November 16, 2021
-American Military News
A U.S. Navy officer was found guilty on Monday of firearms charges and hiding his ties to a Chinese arms dealer.
On Monday, the Department of Justice announced Lt. Fan Yang, 36, was found guilty of conspiring with his wife and a Chinese businessman to violate U.S. firearms laws, make false written statements to federally licensed firearms dealers, and make false statements about his ties with the Chinese businessman during a security clearance background investigation.
Yang was a Naval Flight Officer trained in anti-submarine warfare who flew on Navy P-8 Poseidon aircraft. Yang had a top-secret security clearance as part of his military duties.
According to evidence presented during his trial, prior to becoming a commissioned officer, Yang formed a relationship with the Chinese businessman, Ge Songtao, who was the chairman of Shanghai Breeze Technology Co. Ltd. The company, based out of Shanghai, purchased maritime equipment designed for law enforcement and the military from the U.S. and exported it to China.
In 2016, while Yang was stationed in Jacksonville, he recommended that Ge hire his wife Yang Yang as an employee of Shanghai Breeze. During her time working for Shanghai Breeze, she received more than $300,000 to cover her salary, the company’s expenses in the U.S. and for purchasing goods at Ge’s direction. Some of the funds were routed through Yang’s family business, BQ Tree LLC.
In 2017 and in 2018, Yang purchased a Sig Sauer 9mm pistol and a Glock 9mm pistol on Ge’s behalf. In each case, Yang filed Firearms Transactions Records (ATF Form-4473) on which he falsely indicated he was purchasing the firearms for himself and not Ge.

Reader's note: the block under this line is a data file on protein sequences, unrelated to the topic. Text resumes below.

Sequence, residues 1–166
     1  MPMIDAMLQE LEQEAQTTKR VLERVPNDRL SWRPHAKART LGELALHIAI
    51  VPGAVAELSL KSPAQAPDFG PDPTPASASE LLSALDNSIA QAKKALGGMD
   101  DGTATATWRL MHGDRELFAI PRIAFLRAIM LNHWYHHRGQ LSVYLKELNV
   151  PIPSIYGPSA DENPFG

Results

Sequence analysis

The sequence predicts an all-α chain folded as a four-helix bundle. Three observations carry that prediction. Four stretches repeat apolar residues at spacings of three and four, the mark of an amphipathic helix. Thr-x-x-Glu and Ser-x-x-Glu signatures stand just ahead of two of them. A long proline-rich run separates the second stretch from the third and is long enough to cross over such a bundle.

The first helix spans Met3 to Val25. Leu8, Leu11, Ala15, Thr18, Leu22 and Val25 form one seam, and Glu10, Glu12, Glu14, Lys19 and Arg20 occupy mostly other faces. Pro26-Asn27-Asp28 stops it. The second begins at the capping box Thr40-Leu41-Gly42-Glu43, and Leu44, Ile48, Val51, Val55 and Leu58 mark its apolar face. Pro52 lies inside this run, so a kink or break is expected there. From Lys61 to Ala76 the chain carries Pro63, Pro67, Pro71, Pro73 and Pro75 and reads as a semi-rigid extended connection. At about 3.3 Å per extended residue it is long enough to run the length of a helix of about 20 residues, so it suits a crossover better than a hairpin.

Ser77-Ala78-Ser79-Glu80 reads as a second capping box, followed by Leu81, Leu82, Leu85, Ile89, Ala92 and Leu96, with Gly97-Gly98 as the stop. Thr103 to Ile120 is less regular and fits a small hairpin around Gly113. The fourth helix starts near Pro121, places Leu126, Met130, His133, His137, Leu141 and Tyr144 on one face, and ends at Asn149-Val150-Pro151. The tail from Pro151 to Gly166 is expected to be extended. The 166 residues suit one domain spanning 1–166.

Ge was also charged with conspiring to submit false export information through the federal government’s Automated Export System and attempting to export special forces maritime raiding craft and engines to China. Ge plead guilty to the charge in November 2020. During his case, Ge’s attorney admitted Ge planned to “reverse-engineer” the equipment and then “use it in a bid to the Chinese Navy.”
In January 2019, while Yang worked as an instructor at the Maritime Patrol and Reconnaissance Weapons School in Jacksonville, Florida, he completed a security clearance questionnaire in order to renew his top-secret security clearance. That questionnaire required that Yang disclose any close or continuing contacts with foreign nationals. Yang did not disclose the extent of his contacts with Ge, hid that he had maintained a bank account in China, sometimes worked for his family business, BQ Tree LLC, and possessed an expired Chinese passport.
With the convictions, Yang faces up to 30 years in federal prison. His sentencing hearing is scheduled for March 16, 2022.